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Contact Optimists vs. Unique Earthers

Of the three fundamental questions asked by astrobiologists, the question of the second genesis of ETIL, is the one we ask next. We ask about the possibility that intelligent living creatures currently inhabit earthlike planets somewhere in the cosmos. To date no empirical evidence exists that extraterrestrial intelligence exists. Despite more than three decades of active SETI (Search for Extraterrestrial Intelligence) research, no radio or visual contact has occurred. If we rely solely on empirical evidence, then we have no reason to believe that anyone else is out there.

Space researchers are divided into two camps. The Contact Optimists contend that simple reasoning would suggest that the universe should be teeming with life. Those holding the Uniqueness Hypothesis, in contrast, suggest that the earth is probably the first and only home for a technological civilization. Until recently, the lack of empirical evidence combined with the high improbability of a repeat of earth’s evolutionary history seemed to give the edge to the uniqueness hypothesis, to the unique earthers (Brin, 1983).

The unique earth hypothesis depends on the assumption of the improbability that just the right prebiotic contingencies would fall into place to make the spring from non-life to life possible, and the low probability that the contingencies that made the evolution of intelligent life on earth could be repeated in sequence. Two of the most prominent evolutionary biologists, Stephen Jay Gould and Francisco Ayala (Gould 1989; Ayala 2004), have argued that if you replay earth’s evolutionary tape again and again, it will never produce the same result. “The chemical origin of life seemed to depend on such an improbable sequence of events, similar to throwing a die over and over and getting a six every time, that biologists were inclined to think that life elsewhere must be a very rare occurrence,” writes David Darling (Darling 2001, p.121).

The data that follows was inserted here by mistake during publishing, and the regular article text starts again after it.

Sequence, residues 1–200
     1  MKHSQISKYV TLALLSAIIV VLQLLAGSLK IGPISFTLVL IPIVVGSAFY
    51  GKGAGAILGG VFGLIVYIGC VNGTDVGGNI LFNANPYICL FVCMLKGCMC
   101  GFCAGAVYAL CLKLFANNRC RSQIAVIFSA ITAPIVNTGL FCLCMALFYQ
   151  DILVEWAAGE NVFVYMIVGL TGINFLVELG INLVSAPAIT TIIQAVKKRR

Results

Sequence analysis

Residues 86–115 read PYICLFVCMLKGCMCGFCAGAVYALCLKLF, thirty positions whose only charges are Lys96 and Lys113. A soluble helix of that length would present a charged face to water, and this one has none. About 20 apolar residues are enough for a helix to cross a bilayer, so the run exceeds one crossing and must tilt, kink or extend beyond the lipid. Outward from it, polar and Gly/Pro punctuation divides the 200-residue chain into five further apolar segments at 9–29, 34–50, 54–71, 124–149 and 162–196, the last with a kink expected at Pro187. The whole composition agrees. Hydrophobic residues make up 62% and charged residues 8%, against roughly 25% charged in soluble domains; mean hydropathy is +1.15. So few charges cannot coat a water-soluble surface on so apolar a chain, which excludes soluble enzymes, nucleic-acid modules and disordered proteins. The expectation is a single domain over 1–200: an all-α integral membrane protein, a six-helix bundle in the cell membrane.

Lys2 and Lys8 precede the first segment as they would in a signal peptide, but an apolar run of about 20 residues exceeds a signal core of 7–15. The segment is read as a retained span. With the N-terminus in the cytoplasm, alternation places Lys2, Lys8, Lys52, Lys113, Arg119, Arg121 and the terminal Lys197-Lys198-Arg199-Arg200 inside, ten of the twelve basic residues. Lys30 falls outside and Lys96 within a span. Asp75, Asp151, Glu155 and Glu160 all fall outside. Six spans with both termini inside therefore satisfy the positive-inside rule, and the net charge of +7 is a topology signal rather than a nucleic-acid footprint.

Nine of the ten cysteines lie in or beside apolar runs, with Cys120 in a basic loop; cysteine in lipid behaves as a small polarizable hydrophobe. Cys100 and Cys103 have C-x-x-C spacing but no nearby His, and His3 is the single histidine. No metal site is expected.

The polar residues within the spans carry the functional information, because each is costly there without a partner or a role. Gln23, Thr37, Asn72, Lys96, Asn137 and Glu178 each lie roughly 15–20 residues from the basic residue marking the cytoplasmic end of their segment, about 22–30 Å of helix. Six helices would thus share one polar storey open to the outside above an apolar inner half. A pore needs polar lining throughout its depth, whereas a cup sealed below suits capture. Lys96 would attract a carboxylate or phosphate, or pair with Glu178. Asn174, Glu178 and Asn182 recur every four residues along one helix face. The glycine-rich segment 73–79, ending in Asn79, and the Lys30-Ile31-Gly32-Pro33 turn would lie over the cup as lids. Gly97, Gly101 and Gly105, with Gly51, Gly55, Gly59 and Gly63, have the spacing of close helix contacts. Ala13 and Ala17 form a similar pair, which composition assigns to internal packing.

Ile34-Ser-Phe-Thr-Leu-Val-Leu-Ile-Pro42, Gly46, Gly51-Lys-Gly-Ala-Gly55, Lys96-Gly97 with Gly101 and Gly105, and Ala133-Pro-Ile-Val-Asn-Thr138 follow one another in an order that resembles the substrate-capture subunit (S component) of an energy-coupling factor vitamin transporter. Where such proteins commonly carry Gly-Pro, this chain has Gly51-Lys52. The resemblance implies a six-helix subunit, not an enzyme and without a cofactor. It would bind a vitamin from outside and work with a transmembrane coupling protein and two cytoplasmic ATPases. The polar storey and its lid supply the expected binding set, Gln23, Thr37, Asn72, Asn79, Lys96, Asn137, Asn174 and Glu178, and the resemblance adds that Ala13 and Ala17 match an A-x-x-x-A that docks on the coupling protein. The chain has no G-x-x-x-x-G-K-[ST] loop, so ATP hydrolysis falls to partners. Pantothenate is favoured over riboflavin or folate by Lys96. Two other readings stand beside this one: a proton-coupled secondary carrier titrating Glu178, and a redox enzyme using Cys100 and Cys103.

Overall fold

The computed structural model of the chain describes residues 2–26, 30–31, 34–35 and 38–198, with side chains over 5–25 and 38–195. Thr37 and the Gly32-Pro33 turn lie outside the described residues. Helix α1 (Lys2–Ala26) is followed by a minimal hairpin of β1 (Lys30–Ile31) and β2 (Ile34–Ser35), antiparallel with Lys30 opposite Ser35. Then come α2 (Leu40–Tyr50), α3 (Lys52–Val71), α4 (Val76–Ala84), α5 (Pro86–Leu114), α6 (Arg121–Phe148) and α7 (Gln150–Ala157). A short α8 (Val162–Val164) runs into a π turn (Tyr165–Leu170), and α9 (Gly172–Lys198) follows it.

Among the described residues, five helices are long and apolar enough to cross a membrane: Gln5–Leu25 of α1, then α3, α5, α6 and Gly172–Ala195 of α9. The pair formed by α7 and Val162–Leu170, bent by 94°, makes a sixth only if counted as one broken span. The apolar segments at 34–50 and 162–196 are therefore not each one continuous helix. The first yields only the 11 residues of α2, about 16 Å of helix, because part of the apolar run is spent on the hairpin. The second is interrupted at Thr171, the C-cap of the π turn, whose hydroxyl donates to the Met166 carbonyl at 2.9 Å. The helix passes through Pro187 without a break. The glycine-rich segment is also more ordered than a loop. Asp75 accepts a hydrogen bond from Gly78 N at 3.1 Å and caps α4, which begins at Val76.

Contact optimists, while recognizing the improbability problem, counter with the idea of big numbers. Because the number of possible locations in this vast universe for evolution to get started is so large, the number of possible repeats of earth’s biological history is also large. In contrast to the unique earth biologists, contact optimism has grown among astronomers. “Most of the speculation about life in the universe came from astronomers, who were generally positive about the idea simply because they thought there were probably so many planets around. With billions of potential homes, surely life couldn’t be that scarce,” comments Darling (Darling 2001, p.121). He concludes, “Almost beyond doubt, life exists elsewhere” (Darling 2001, p.xi).

Email link | Printer-friendly | Feedback | Contributed by: Ted Peters

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